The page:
Thursday, July 5, 2012

Fourth Of July In Panamá....

Remembering the stars and stripes while partying the night away was how we spent our first July 4th in Panamá.  Although the country doesn't celebrate July 4th, the locals are more than happy to take our money and provide us with a place to party.  Mamma Mia's Restaurant in San Carlos hosted the event which included two for one drinks and pizza specials, and live music by the band Invicta and fireworks.

One expat woman boasted about the great mojitos that the restaurant makes and immediately ordered one.  The waiter came back to apologize that they didn't have any mint and therefore could not make a mojito.  So the women ordered something else and the waiter returned once again to say that the bartender didn't know how to make that drink because she had left her book at home.  I believe that in the US bartenders must remember how to mix drinks and are tested prior being allowed to work.  So the woman explained to the owner of the restaurant in English who explained to the bartender how to make the drink.  Apparently the girl had only been tending bar for one month and with the massive crowd for the holiday, was going crazy.  When our friends David and Stephanie arrived later on, Stephanie offered to help and jumped behind the bar to lend a hand, as she'd worked as a bartender before.

Americans and Canadians too all packed the house until it was standing room only.  The rock band performed most of the songs in English, and we showed our appreciation by dancing among our expat peers.  Dressed in my red, white and blue flag bikini with sheer, white gauze pants over the dark blue star clad bottom drew much attention.  When we first started to dance the restaurant owner snapped a picture and asked if he could put it on their face book page. Cameras were snapping all over and one women asked me to pose with her man and then brought his friend over too.

Ready to celebrate the fourth!

Fireworks lit up the night sky in back of the restaurant, and as we stood and watched we felt a shower of residue sprinkle over our bodies creating a bit of a tingle. What fun times we're having and in the middle of the week, which is just fine since we don't have to get up for work anymore.  If we knew retirement would be this much fun, we would have done it much sooner.

The camera captures some wonderful colors

right above our heads

eerie photo of young man setting off the fireworks

Earlier in the week while socializing we made some new friends that mentioned they have all the US television stations through Direct TV.  Since this was the first time we heard that was available here, we asked more and they emailed us the name of their contact person. He was quick to reply and yesterday the installers showed up around 11am.  In typical Panamanian fashion, they had with them a small ladder, not tall enough to reach the roof.  How did they plan to get up onto the roof to install the dish?  Clyde let them use our ladder and in a few hours the installation was complete.  After they left the TV was on and for the first time in almost a year, I heard the sounds of an English speaking talk show.  Wow, we have mindless TV once again, and all for only $47 a month.  Apparently this Direct TV comes out of Puerto Rico so there's still plenty of stations in Spanish for when we want to work on that too. But we now have all the US networks along with many other stations we'll probably never watch but at least they're available.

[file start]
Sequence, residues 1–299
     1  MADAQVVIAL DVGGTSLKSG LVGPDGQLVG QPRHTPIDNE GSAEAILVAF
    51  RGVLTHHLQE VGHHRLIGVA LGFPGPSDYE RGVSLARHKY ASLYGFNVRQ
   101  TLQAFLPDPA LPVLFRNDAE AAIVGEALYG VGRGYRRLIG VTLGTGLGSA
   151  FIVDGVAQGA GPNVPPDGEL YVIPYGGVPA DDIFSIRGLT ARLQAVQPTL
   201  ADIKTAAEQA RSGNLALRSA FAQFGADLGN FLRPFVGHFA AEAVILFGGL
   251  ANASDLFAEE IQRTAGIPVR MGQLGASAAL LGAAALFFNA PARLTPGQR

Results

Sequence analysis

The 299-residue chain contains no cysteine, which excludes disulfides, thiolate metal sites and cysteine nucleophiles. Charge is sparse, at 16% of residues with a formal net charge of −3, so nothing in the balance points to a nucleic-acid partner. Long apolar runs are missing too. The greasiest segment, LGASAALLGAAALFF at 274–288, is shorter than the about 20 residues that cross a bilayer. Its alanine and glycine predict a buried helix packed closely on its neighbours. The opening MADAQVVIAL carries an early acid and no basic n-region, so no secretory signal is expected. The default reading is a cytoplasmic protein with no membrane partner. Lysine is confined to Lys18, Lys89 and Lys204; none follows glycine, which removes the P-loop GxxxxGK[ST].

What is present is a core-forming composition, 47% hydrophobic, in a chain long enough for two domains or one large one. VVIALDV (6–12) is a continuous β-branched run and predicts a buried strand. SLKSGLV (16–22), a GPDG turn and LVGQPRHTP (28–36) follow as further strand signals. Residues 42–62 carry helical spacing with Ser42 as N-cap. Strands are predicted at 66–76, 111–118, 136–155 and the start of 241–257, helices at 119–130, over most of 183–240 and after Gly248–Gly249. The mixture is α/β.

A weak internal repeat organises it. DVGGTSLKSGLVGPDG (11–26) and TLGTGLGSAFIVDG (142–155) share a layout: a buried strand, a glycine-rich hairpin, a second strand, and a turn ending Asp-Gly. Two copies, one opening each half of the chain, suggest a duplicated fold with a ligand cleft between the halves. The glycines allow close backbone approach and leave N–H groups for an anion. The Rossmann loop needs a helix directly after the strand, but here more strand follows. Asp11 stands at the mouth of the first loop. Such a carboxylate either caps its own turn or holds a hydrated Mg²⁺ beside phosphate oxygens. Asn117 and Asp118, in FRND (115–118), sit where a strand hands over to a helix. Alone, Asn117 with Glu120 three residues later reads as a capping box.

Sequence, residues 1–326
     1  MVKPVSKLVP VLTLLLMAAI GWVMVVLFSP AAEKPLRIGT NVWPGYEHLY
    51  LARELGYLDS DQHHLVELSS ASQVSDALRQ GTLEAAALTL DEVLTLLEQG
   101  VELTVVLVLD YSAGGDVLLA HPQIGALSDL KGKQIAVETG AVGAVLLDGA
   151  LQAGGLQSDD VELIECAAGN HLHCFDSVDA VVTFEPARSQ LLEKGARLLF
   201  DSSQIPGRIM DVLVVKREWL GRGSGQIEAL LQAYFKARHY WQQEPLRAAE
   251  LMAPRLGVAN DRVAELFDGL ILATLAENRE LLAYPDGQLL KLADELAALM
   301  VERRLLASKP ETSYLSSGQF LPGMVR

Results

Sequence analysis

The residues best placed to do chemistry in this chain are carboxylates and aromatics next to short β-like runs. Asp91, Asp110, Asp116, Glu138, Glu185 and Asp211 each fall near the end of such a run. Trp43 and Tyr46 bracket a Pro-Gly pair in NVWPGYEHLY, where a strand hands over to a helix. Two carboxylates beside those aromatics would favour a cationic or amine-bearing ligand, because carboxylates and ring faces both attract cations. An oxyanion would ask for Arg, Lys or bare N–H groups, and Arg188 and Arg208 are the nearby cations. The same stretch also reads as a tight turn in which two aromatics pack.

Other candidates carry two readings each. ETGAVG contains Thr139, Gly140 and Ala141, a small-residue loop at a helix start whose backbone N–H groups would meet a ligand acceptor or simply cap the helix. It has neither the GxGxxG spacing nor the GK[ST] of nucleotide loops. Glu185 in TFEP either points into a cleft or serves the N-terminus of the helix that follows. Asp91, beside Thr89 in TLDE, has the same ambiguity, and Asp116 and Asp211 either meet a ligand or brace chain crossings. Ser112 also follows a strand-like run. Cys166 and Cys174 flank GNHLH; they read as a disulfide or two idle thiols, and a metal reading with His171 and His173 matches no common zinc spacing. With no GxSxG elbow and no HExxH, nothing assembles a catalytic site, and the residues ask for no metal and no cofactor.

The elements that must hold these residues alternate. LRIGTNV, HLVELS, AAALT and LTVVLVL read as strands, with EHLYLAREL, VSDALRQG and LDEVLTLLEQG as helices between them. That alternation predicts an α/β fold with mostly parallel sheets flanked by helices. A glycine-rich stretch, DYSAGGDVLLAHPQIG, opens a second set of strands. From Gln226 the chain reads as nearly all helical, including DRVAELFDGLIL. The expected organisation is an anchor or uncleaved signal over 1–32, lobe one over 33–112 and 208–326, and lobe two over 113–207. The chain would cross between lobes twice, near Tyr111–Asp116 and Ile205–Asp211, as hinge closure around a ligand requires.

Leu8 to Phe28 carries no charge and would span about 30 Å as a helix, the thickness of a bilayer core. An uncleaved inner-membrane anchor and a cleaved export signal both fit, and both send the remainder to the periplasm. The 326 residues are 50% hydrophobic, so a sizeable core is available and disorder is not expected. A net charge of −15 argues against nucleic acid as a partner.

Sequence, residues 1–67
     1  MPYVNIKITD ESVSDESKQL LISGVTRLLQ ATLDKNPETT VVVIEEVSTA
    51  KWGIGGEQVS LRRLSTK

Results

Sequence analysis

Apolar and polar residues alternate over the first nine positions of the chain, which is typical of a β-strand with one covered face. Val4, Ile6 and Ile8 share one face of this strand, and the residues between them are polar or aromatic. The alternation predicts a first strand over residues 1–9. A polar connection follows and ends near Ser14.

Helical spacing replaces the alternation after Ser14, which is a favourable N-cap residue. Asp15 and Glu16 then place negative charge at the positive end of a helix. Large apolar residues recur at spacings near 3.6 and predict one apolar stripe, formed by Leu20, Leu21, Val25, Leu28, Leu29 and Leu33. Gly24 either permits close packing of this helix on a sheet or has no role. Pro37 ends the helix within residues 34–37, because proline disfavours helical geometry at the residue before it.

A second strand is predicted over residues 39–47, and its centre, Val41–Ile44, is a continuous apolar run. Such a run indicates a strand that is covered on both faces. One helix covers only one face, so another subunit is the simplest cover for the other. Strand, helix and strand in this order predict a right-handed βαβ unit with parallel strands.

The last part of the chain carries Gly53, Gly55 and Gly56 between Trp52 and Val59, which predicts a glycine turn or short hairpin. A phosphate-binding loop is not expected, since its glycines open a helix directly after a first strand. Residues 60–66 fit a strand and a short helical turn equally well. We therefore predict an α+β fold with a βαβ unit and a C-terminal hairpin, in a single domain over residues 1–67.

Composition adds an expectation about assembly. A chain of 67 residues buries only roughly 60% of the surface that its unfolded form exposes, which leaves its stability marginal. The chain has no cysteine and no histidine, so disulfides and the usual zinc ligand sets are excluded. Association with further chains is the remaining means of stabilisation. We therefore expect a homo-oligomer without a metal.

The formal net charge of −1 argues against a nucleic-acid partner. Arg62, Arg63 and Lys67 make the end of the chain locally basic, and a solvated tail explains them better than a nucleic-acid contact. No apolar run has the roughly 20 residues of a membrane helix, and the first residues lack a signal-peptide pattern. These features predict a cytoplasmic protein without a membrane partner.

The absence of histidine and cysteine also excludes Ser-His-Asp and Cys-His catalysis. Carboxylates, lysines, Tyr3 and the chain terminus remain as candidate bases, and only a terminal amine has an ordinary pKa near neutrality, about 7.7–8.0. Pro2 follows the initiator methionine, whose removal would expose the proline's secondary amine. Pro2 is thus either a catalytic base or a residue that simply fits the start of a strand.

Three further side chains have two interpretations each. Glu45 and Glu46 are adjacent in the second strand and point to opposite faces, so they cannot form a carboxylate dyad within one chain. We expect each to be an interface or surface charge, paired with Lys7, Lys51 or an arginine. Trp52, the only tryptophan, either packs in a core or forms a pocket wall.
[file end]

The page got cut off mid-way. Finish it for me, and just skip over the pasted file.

Today we trekked into Panama City to meet with the previous owner of our house so he could give us all of the original documents and deeds on this house. Once back in the car Clyde glanced through the paperwork to discover that the street on the side of the house is called Calle Celaje, which is the name of our neighborhood.  And the street in front of the house is called Calle Sin Nombre, which translates to "street with no name."  And we thought Panamá didn't have street names, but now we know our street name is something so simple.

While chatting over coffee about the fruits growing on the property, Dr. Arellano solved the mystery of this strange, brownish, fuzzy fruit that appeared on one of the trees a few months back.  He said it's called a "nispero" and ripens to a very sweet, delicious fruit.  He said the tree it grows on is called a "sapodilla" and is very rare.  So next time the tree bears fruit we'll be sure to try some.  We also asked him to clear up the myth that Panamanians think that mangoes are poor mans food, and they refuse to eat them.  Being a well-to-do man in a powerful position as Chancellor of a medical school, he said he loves mangoes and eats them all the time, and so does his family.

Before leaving the city we stopped at a jewelery store that was re-setting the diamond in my ring, and cutting of the gold speed bumps that had been cutting into my finger.  When I tried it on I realized that it also needed to be resized since the humidity here makes my fingers swell.  Imagine moving to the tropics and now my ring doesn't fit, even though I recently lost ten pounds.
As another busy week comes to an end we realize that retirement is that time of life when we stop making money and start making memories.  And memories are what we're making here in Panamá, as proud Americans....along the gringo trail.

No comments:

Post a Comment

Life In Portugal....At A Snails Pace....

Yesterday was just another day in Portugal when my dear husband Clyde said he was going to run to the pharmacy for a few things. Time passed...